At least as far as the stories were concerned...





But that shit was published 30 fucking years ago, man...

30 years! And now, what was once revolutionary, is well and truly stagnant. Times change, so should comics. That's what I'm talking about today. But before we get to the details, here's some larger issues you might need to know about first...

What is Continuity?
Long-term continuity is what I was just bitching about. It's the idea that something was said or done in a story in... lets say, 1970-something or whenever, and from that point on, that particular character's tale has been shaped and guided by that moment. From that point on, they can no longer act in any way that contradicts that moment, because it's a set-point, like Columbus sailing the Ocean Blue in 1492. The problem with this when it comes to a long-running serials is, it narrows options. Actively--and passively--holding on to stories from so long ago eventually does nothing but choke the creativity out of the industry. It cuts off new directions. It predetermines paths. Succinctly put, Long Term Continuity makes the best creators slaves to the worst. 

What is Secret Wars?
1984 was a big geek year. 1984 was the year Indiana Jones and The Temple Of Doom was released. So was A Nightmare On Elm Street, Dune, Romancing The Stone, Supergirl, Starman, The Toxic Avenger, The Muppets Take Manhattan, Repo Man, The Adventures of Buckaroo Bonzai Across the 8th Dimension, Revenge of the Nerds, Star Trek III: The Search for Spock, This is Spinal Tap, The Last Starfighter, Ghostbusters, Conan the Destroyer, and The Terminator. Seriously, folks, it was the type of year that determined the rest of some peoples' lives... ahem...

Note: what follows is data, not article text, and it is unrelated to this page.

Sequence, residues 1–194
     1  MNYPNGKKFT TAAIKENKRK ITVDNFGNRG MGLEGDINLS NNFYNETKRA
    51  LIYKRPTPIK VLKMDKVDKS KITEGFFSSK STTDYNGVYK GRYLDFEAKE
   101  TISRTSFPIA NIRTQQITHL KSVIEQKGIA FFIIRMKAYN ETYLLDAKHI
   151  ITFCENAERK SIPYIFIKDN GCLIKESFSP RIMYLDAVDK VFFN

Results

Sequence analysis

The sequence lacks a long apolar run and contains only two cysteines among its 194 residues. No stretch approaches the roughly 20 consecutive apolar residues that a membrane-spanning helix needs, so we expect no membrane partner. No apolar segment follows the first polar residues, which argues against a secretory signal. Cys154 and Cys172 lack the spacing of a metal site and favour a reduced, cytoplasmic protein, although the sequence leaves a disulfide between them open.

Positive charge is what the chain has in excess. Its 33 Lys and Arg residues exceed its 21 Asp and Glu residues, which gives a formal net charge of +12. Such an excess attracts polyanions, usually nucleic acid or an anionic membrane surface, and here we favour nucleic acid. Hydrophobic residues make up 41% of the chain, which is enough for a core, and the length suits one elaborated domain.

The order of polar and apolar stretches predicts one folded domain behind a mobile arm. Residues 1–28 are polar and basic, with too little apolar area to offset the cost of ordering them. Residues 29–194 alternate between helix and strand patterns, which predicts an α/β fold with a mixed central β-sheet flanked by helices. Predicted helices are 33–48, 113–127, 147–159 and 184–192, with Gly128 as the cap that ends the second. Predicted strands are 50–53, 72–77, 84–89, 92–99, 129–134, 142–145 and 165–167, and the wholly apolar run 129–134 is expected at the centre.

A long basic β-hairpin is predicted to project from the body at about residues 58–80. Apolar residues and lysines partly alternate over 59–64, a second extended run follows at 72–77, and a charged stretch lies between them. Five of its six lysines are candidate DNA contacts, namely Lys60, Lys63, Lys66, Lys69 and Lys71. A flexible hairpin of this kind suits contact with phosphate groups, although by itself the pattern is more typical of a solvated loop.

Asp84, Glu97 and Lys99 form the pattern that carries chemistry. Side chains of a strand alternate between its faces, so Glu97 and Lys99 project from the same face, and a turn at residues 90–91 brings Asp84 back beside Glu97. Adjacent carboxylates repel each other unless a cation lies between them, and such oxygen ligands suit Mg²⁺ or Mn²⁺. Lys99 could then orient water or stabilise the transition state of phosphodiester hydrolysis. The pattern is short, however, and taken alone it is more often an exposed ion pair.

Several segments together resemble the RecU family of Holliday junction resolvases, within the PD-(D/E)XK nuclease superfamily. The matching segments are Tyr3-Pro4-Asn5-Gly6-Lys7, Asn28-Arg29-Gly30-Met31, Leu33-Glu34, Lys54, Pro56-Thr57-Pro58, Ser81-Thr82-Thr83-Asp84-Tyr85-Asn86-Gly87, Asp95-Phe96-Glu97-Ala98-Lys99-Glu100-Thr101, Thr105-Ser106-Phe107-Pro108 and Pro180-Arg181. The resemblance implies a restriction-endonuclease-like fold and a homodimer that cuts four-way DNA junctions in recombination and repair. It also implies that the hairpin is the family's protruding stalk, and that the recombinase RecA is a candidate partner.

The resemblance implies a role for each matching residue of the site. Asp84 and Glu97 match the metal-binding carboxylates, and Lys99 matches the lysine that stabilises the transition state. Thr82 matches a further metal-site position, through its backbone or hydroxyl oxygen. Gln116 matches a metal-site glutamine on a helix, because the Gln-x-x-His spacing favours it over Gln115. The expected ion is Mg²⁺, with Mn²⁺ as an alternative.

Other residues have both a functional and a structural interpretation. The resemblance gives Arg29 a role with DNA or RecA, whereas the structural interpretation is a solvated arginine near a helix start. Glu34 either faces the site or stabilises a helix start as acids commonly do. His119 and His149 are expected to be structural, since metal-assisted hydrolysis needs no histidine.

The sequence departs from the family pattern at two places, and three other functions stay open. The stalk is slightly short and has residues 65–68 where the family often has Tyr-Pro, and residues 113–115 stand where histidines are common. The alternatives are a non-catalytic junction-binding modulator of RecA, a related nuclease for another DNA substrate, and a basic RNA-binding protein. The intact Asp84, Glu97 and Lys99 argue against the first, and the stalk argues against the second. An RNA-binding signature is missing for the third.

Moving on... 

1984 also featured one of the first big comic book crossovers. A year long event where a super powerful character called The Beyonder brought a mix of heroes and villains to a "battle world" (made up out of pieces of many different worlds), and then made them all fight. It was awesome. 

Okay, sure, it also ended up leading us to Venom, but hey... can't all be winners.



Oh, how progressive of you, Reed..

What is the Multiverse?
Well, The Multiverse is a real term, with real applications in real science. Succinctly put: The multiverse (or meta-universe) is the hypothetical set of infinite or finite possible universes (including the Universe we consistently experience) that together comprise everything that exists: the entirety of space, time, matter, and energy as well as the physical laws and constants that describe them. The various universes within the multiverse are sometimes called "parallel universes" or "alternate universes". This is how a comic company like Marvel keeps the main universe (Earth 616--the one with the stories pretty much everyone is familiar with) and the Ultimate Universe (Earth 1610--a secondary one that influenced a lot of the movies' styles) separate. This is where all the "What if..." like "Iron Man as a cowboy" type stories exist. In comics, it's basically a way of filing and organizing various story continuities.

So what's going on today?
The End of Everything. The Multiverse is dying. I've talked about this story before.